Mark Sundeen, author of Car Camping: The Book of Desert Adventures
Released last week by HarperCollins (paper, $13)

It’s natural that ties of friends and family would preclude any real objectivity when it comes to dealing with what they write, or paint, sing or play. The reverse can be true, too. Pre-existing familiarity with an artist can make for an easy friendship. If nothing else, that familiarity saves you a lot of time you’d otherwise spend asking banal questions should you ever—as you might have hoped—ever actually get to meet that person. Dream a little dream.

Entire chapters of Mark Sundeen’s first book, Car Camping, will be immediately familiar to serial readers of Great God Pan, the roughly twice-yearly “Champion of Californiana” that Sundeen co-edits with pal Erik R. Bluhm. I got to meet Sundeen during his visit (with Bluhm) to Missoula last fall, and found him in person to be much as I’d surmised he’d be from reading his “Car Camping” serial in Great God Pan: affable, easygoing and with a sense of humor as dry as his preferred desert haunts. Sundeen currently guides river trips in Utah, the state which will be the subject of his next collaboration with Bluhm, Salt Desert Tales, due later this year.

Do you make time to write daily or weekly, or are you one of those malarial types who doesn’t go near it for months and then sits down and writes for days on end?

Sometimes I don’t go near it for months at a time, but that has less to do with temperament than employment. When I am guiding river trips I just don’t have time or interest in writing. I was just working for Outward Bound for four months in Mexico. Hardly wrote anything. But then when I have the time, I try to write every morning. It is the most useful thing I have ever made myself do. For instance when Erik and I were in Wendover—we had a grant to work on Great God Pan—I wrote about 100 pages in six weeks. I have found that inspiration comes from discipline, and not vice versa. I think that writing is work, just like carpentry or housepainting. You would be pretty upset if you hired someone to build your house and he only showed up when he was inspired. Or if he said, “I can’t finish before winter. I’m having terrible builder’s block.”

Do you take criticism well, and do you even care? Do you find compliments mildly embarrassing, even if or especially when they’re affixed to the book in blurb form?

The blurbs are fine, because they came from writers I like. I don’t know how I will feel if I get glowing praise from somebody who is a buffoon. I’m sort of dreading hearing something like, “Hunter Thompson for Gen X.” I got a pretty nasty and snide review in the New York Times. People said I should be thankful that they even reviewed it, and I said fuck that. It filled me with some sort of murderous rage, and helplessness, reading some easterner take pot shots at my book when he clearly had no interest in it from the start, and was just reviewing it because he got paid like $500 bucks to do it, and he didn’t feel like getting an honest job. I set the review on fire after I read it. Hopefully I will get more immune to it as I get older, and get panned more often and more severely.

Did you ever go looking to become a writer or did you just kind of wander into it? The same question could also be asked of the desert: Were you out searching or did you just find it?

I was always better at writing than I was at anything else. That hung over me sort of ominously, because I didn’t really enjoy doing it, and I absolutely had nothing to write about. So when I went out to the desert, it was partly about trying to get material, but more to find something to do that would be consuming enough to make me not worry about writing. I found both, which explains why it took seven years to write this book. I started writing for Great God Pan because it was fun and there was no pressure for it to be literary and because once you wrote it, you could publish it and be done with it, instead of tinkering with a story for five years. Not surprisingly, the things I wrote when I was 21 and trying to be literary are very bad, and the things I wrote to amuse myself and my friends turned out to be my book (which isn’t very good either, according to the New York Times).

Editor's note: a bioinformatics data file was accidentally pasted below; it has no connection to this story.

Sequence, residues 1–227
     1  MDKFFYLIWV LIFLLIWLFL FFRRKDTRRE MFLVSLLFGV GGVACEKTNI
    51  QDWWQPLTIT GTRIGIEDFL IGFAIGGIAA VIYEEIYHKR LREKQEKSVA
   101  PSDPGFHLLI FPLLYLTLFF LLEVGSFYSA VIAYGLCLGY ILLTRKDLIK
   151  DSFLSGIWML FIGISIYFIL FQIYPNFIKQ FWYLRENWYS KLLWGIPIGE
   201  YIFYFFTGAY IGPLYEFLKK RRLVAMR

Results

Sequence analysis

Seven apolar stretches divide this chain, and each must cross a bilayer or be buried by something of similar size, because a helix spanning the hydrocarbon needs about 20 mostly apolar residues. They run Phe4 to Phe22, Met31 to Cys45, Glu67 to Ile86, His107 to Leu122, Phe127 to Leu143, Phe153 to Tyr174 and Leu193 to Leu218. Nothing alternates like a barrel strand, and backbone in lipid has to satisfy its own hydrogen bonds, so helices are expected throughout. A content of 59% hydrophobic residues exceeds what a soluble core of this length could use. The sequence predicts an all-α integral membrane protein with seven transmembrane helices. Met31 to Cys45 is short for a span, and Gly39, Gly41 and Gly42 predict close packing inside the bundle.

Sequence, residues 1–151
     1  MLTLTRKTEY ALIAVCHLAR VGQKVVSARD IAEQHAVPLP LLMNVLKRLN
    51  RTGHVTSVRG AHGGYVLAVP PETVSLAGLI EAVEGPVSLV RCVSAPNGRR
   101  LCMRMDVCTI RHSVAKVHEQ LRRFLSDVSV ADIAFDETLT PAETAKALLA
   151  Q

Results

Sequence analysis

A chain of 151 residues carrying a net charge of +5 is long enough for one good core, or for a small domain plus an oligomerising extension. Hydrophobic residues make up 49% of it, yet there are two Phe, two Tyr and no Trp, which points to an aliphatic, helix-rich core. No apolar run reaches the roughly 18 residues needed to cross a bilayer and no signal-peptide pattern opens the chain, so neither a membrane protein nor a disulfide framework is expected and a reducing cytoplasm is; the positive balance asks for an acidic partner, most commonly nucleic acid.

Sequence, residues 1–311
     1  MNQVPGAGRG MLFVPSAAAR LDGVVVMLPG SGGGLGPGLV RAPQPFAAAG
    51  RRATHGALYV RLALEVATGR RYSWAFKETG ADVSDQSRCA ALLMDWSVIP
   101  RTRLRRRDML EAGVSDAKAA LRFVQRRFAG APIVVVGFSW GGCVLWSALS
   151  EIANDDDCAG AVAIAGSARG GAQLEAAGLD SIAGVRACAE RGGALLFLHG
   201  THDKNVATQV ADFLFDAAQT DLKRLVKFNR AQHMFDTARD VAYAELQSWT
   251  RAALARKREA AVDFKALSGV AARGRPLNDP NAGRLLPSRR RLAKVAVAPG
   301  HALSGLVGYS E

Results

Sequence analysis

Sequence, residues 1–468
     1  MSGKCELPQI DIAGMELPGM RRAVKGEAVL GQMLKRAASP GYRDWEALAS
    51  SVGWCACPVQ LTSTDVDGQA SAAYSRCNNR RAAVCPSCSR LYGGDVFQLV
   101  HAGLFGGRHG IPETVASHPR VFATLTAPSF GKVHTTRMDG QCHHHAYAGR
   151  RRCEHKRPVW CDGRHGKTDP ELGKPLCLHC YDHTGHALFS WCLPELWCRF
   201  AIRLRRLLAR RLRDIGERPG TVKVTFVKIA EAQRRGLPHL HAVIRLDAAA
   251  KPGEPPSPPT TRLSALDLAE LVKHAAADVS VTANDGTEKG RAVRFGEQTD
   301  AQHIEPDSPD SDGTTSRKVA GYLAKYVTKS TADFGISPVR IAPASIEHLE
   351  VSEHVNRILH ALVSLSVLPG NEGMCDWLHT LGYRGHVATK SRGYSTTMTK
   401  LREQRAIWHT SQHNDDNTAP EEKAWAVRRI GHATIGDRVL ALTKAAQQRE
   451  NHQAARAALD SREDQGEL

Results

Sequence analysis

Did someone offer to anthologize the “Car Camping” serial after reading Great God Pan, or did you shop the idea around to various publishers?

The book was pretty much all my initiative. If that mythical tap on the shoulder from the big publisher actually exists, I’ve never seen it. I went through all the self-promoting query letters, book proposals, rejection letters, etc. I assumed I would raise $5,000 and publish it myself. Then, luckily, I got an agent. By the time he sent it out, it was already finished, complete with all the made-up stuff. I still feel like I got away with something. I basically wrote a novel and they published it as a travel book. They never asked any questions like, “Is this true?” I’m sure the higher-ups at HarperCollins never even read it. I didn’t complain. Selling a paperback about camping to one of the biggest publishers in the world was a bit like being at the kids’ table at Christmas dinner. You miss all the fascinating conversation that the adults are having (darn), but nobody really cares or notices when you throw cranberry sauce at the dog.

How important is truth to you? You mention in the introduction that you had to “make some stuff up to plug the gaps” at the request of your publisher.

I didn’t really care at all about truth. I cared about making the reader think it was true. My main problem with most novels these days is that by the first page you know it’s all made up. It’s all fable or metaphor or cartoon. I lose interest right away. As for the made-up events, I thought they made the story better, but I’m glad they never really happened to me. They are nothing to brag about.